Review of Earth Strike: Star Carrier Book One – Ian Douglas

Posted: September 7, 2014 in Review, science fiction
Tags:

earth strike

I’m still working through the pile of free books from LoneStarCon 3, and this is one of the last. It’s also one of the best if you happen to like rock hard military SF. Ian Douglas is one pen name of the prolific American writer William H. Keith, who started writing Doctor Who adventures for the FASA games company, went on to write for their Battletech line and for Chivalry and Sorcery, and has authored several series mainly in military fiction, and military SF. Yes, he does have a military background. I’m pretty sure that I’ve read some of his work before, but I’m not sure under which name.

The novel takes a familiar approach in military SF, alternating between two principal characters; one of the admirals so as to follow the overall strategy, and a lowly lieutenant to take the reader into the forefront of battle. The lieutenant in question is a fighter pilot, and it’s pretty obvious that the author, being a navy man himself, has gone to considerable trouble to make the idea of “aircraft carriers in space” actually work.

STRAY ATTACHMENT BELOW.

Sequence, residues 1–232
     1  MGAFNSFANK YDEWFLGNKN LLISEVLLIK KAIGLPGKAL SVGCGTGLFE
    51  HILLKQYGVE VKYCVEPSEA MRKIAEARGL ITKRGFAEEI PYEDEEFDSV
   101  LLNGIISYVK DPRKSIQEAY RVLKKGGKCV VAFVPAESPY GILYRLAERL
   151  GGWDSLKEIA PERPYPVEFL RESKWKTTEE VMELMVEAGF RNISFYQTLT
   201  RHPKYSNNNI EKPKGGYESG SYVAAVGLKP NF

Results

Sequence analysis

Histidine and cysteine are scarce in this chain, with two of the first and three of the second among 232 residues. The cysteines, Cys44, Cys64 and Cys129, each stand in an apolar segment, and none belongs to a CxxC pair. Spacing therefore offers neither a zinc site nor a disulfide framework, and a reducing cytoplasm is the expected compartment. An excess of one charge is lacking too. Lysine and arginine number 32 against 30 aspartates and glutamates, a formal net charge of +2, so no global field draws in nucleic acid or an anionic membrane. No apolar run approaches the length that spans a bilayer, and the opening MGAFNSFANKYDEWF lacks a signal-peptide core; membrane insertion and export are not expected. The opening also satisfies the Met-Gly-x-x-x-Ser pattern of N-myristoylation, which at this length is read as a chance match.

There was a lot to like here. The aliens are really alien, very weird and their motives inscrutable. Why do they fear humanity? What do they mean by “transcendence”? The idea of alien organisms that are not either plant or animal but somewhere in between is a cool idea that I’ve tried writing about myself (must get around to finishing that story). I can’t I entirely understood how everything works in this version of the Universe, but the sheer level of detail certainly was impressive. It is the first of a series, and I’d be tempted to hunt down more, if it wasn’t for the sheer size of my books-to-read pile.

Note to publishers: I shouldn’t have to look up Wikipedia to figure out which is the book title, and which is the name of the series; it should be entirely obvious on the cover.

Harper Collins

Supplied by Science Fiction Outreach Project at LoneStarCon 3

Reviewed by Jacqui

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